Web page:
Kai Sotto took another step into his NBA journey after reports surfaced of him being invited to join the Orlando Magic’s summer league team.
It’s a welcome development for Sotto, who last year reportedly turned down summer league offers after going undrafted. At that time, though, he was under a different agent and now that Sotto is with Wasserman, things seem to be better for the 21-year old.
A summer league roster spot is by no means a surefire way into the NBA, but it nonetheless opens a door that not everyone gets a chance to even enter through.
Right now, the realistic goal for Sotto is a two-way contract, whether or not it comes from the Magic. Two-way players are only allowed to play up to 50 games with their NBA team and usually spend the rest of their time with the franchise’s NBA G-League affiliate. Getting some NBA time in while also enjoying more reps in the G-League should give Sotto ample opportunities to develop. That includes more coaching and guidance, something he may not have consistently even gotten during his NBL and B.League stints for various reasons.
That being said, Sotto should be at his best between now until the end of summer league. While the rest of the NBA will see what he can do on the court, Orlando will get a look at him both on and off the court. It would be too much of an ask to have Sotto play a major role, but he still has the upside that teams see as worth developing.
Working in his favor is the fact that the Magic picked him up despite earlier reports that Sotto attended camps with the Utah Jazz, New York Knicks, and the Dallas Mavericks. Orlando must have seen something they liked and with Wendell Carter Jr. being the only player with a fully guaranteed contract, the opportunity is there for Sotto.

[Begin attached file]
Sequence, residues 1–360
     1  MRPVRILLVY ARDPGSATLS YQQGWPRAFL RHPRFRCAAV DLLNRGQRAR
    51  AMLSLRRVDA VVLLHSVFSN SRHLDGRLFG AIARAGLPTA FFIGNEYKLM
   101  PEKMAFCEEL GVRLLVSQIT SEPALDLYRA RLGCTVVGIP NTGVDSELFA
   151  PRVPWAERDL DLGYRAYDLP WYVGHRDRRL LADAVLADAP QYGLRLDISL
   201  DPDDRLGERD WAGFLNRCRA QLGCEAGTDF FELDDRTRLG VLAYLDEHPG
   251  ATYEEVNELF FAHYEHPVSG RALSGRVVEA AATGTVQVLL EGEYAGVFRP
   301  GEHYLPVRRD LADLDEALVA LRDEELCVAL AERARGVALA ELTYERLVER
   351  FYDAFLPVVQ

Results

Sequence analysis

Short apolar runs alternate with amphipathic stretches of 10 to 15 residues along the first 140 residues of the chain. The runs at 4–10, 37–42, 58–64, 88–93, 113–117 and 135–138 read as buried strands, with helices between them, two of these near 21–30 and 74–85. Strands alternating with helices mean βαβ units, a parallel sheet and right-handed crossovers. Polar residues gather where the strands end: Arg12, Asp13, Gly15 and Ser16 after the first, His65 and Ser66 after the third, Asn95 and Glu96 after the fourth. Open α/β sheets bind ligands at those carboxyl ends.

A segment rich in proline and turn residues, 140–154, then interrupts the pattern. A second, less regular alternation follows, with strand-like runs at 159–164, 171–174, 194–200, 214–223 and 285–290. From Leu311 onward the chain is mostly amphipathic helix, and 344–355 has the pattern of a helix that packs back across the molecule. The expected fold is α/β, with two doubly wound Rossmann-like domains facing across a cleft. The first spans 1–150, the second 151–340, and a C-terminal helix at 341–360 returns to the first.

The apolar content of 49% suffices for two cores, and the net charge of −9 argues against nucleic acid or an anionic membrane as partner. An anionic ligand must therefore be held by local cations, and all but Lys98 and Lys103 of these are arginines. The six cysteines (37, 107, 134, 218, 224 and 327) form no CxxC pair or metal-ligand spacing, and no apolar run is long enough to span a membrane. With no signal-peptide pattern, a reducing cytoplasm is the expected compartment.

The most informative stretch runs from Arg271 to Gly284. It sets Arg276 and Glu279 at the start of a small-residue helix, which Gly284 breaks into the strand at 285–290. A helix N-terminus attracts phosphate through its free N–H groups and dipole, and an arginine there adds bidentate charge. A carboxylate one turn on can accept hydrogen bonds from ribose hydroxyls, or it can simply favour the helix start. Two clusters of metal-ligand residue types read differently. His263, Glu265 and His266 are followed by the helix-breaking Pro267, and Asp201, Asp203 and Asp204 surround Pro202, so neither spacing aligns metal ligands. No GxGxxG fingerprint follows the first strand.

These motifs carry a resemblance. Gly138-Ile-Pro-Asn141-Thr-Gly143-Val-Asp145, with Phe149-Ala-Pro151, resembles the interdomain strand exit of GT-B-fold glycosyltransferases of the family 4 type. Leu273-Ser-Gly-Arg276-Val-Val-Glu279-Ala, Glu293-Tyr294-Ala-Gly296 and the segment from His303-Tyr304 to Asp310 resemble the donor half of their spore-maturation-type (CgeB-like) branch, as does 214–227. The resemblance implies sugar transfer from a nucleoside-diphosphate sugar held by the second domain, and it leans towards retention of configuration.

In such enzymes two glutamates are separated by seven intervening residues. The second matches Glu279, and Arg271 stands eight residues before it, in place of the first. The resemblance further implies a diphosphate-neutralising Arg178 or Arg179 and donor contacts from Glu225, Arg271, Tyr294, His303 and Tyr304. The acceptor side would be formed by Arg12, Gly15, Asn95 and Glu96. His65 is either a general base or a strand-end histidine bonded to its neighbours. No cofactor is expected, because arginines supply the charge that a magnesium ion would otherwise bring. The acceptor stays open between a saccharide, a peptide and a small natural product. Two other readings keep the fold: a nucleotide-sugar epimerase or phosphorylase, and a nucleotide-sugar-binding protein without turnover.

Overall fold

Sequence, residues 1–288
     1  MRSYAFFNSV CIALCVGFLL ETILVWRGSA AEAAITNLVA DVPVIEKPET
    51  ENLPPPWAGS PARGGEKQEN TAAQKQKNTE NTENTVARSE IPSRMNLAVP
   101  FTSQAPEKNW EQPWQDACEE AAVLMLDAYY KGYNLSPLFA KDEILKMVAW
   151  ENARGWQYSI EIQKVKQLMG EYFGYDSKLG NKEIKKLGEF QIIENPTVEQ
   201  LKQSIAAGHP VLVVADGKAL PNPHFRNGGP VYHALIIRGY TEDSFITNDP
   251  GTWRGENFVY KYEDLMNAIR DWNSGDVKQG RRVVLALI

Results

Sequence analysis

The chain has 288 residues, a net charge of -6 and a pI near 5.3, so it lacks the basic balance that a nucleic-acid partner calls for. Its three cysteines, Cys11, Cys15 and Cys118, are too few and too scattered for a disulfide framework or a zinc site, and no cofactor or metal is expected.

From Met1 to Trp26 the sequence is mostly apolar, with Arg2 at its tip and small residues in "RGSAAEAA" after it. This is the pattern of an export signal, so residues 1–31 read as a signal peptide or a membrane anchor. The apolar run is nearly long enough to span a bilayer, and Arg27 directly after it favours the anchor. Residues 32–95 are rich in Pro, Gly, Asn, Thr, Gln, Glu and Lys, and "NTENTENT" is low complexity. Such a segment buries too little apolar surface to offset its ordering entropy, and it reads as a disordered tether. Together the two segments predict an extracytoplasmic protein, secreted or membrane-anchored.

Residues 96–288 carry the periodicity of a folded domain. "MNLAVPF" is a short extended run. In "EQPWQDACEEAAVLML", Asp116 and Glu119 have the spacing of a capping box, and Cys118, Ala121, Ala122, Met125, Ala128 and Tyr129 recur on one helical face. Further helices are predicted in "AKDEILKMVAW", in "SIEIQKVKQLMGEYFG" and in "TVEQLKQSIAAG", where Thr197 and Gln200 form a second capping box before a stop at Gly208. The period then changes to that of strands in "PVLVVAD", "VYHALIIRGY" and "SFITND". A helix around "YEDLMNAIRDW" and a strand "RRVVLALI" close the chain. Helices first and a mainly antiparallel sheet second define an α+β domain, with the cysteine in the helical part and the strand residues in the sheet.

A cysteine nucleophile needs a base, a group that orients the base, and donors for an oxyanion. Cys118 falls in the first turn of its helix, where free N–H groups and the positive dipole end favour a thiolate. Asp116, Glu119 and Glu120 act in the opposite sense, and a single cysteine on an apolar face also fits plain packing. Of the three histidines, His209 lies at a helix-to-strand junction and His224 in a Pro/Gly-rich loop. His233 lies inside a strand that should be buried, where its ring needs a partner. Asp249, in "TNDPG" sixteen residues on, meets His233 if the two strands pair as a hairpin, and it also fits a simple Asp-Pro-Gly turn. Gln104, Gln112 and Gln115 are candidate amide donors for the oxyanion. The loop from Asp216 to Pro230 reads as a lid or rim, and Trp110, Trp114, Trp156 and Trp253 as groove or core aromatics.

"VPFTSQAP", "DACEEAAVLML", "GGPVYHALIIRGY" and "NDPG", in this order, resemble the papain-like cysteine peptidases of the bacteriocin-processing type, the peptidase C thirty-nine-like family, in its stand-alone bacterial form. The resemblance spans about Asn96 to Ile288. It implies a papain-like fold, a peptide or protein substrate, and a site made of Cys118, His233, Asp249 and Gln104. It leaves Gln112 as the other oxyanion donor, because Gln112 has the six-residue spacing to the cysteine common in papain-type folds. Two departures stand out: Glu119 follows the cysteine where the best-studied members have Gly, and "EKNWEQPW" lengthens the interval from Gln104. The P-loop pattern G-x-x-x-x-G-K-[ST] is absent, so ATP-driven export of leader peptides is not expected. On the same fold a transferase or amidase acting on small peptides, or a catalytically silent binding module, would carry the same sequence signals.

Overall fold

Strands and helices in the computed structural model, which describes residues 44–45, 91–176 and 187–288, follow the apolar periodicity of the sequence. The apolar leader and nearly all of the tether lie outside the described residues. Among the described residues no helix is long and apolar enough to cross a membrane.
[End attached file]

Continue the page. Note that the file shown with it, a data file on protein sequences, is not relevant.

The prospect of Sotto being in the summer league is exciting, but Filipinos have to temper their expectations with regard to what comes after. There are still DNP-CDs in summer league and opportunities can be few and far between if other players soak up minutes. The possibility of (God forbid) injury also looms, but Sotto has thus far been able to avoid major injuries in his career.
Regardless of what happens, Sotto has firmly put his name out there. After playing in Australia and Japan, both of which have quality basketball, he gets to test himself against higher competition and determine how far he is and what he needs to work on. Sotto will also be immersed in NBA-level coaching that is geared towards development rather than wins. He’s shown that he’s gotten better as the level of coaching goes up and him being a sponge could work in his favor.
If anything, this experience will also help him when he joins Gilas Pilipinas at the conclusion of summer league. The Philippines’ opponents in the 2023 FIBA Basketball World Cup are experienced, mature, and definitely won’t back down. Regardless of what’s been said, we all know that Gilas needs Sotto more than he needs them. He’s also suited up for the national team whenever they needed him to do so. Besides, a motivated Sotto (regardless of the outcome of his summer league stint) should pose problems when Gilas Pilipinas head coach Chot Reyes will use him well.
What happens, though, if no NBA team reaches out after summer league? All is not lost as Sotto will turn 22 in less than a year. Moreover, he has an option to return to the Hiroshima Dragonflies, who can give him a springboard to another summer league stint with a full B.League season under his belt.
A summer league appearance is an indication that the NBA dream is alive and kicking for Kai Sotto, but there is no guarantee beyond July… just yet. At the moment, the onus is on him to give his best efforts because there won’t be a dearth of suitors when Sotto is at his best.